I came up with an interesting heuristic for playing hex the other day. We will compute a score for all remaining cells, and move on the cell with the highest score. To compute scores, we will conduct several million independant random trial runs, each of which increase the scores of some cells. On each trial run, randomly place the remaining pieces in unoccupied cells. If you win, throw the run out. If the opponent wins, find each cell owned by the opponent for which the winner would be changed if that single cell were converted to your side, and increase the score of each of those cells by one.
One bad aspect of this algorithm is that it will play randomly when one side or the other has a near lock, since all scores will be zero. That could be fixed by changing the number of remaining cells owned by the opponent, to produce 'optimistic' or 'pessimistic' play. Comparisons of optimistic vs. pessimistic evaluations of about equal positions would be interesting.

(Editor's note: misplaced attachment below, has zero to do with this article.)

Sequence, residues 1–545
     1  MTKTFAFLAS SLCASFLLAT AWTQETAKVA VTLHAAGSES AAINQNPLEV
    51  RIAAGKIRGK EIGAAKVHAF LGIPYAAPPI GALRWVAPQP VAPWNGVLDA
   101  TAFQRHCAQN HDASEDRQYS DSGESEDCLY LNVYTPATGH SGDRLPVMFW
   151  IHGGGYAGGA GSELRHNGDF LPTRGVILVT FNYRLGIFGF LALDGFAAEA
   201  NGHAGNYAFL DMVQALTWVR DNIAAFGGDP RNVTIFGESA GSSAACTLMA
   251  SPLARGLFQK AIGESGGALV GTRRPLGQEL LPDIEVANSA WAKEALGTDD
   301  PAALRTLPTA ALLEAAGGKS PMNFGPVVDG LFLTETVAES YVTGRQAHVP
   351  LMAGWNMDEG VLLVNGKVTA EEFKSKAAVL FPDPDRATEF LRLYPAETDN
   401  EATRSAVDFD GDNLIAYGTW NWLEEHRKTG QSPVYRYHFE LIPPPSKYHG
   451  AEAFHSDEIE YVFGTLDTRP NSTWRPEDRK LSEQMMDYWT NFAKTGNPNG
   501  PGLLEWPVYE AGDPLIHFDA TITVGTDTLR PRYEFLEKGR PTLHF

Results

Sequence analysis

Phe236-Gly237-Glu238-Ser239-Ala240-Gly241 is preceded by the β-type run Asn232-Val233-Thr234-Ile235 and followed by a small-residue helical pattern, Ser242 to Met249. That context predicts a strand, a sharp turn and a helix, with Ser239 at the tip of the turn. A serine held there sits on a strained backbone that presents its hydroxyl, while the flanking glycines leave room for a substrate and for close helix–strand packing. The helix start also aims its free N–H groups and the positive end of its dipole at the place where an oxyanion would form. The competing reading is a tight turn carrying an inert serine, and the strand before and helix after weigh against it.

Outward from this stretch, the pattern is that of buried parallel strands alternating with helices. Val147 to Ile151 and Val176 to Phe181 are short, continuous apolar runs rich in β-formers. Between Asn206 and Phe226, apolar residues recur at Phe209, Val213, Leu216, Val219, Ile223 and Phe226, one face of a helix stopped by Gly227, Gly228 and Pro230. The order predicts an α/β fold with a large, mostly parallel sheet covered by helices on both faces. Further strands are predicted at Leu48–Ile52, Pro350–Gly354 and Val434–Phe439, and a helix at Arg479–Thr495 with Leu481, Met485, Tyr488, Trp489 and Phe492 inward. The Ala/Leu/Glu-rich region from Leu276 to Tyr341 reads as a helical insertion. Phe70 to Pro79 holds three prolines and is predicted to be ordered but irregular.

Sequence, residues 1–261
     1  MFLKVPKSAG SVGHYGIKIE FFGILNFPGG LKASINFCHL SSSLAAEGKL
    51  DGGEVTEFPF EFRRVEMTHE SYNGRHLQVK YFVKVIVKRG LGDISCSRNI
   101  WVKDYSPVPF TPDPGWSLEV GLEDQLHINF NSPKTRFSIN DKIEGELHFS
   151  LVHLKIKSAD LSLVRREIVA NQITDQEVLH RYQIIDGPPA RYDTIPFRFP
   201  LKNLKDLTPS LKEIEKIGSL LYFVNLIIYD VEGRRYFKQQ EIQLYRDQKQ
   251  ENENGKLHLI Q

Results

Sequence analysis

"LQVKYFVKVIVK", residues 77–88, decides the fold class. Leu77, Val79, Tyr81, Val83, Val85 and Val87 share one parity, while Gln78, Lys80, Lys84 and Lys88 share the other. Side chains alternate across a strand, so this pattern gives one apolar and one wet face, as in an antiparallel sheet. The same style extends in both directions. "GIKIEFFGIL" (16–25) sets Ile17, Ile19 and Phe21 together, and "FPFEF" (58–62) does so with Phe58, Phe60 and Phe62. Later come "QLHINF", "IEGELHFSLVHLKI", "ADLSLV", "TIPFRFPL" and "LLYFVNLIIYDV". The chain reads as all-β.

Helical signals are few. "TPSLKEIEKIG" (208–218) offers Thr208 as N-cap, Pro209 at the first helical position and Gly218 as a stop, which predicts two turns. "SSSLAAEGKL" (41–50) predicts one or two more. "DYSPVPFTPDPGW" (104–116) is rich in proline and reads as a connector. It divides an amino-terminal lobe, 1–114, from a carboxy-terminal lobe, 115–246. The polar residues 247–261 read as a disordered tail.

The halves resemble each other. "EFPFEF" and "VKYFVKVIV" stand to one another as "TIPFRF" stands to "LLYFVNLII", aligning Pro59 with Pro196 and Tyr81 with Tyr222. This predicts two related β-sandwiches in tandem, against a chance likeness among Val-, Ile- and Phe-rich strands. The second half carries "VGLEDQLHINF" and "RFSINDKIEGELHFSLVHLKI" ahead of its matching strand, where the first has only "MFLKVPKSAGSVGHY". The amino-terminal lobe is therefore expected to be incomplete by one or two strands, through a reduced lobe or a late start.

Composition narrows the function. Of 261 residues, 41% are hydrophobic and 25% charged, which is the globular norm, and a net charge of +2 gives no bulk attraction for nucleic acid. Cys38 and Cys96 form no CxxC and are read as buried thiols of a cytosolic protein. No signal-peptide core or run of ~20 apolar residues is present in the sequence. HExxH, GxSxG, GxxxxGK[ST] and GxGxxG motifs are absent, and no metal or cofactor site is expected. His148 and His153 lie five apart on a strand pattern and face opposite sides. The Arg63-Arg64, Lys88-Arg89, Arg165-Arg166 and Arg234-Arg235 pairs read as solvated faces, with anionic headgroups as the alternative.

The stochastic nature of this algorithm might superficially seem quite ludicrous and computationally wasteful. Ironically, all that CPU-eating is quite refreshing. We have unbelievable quantities of CPU, but when one tries to throw it at hex the same way one throws it at chess, the cycles simply disappear down a black hole.
I'm optimistic that this heuristic will do well. Clearly experimentation is needed.
Interestingly, this algorithm bears a strong resemblance to some trust metric ones I've suggested before. I think that's because hex sort of is like a trust metric - one side is trying to get two sides of the board to trust each other, and the other side is trying to keep that from happening.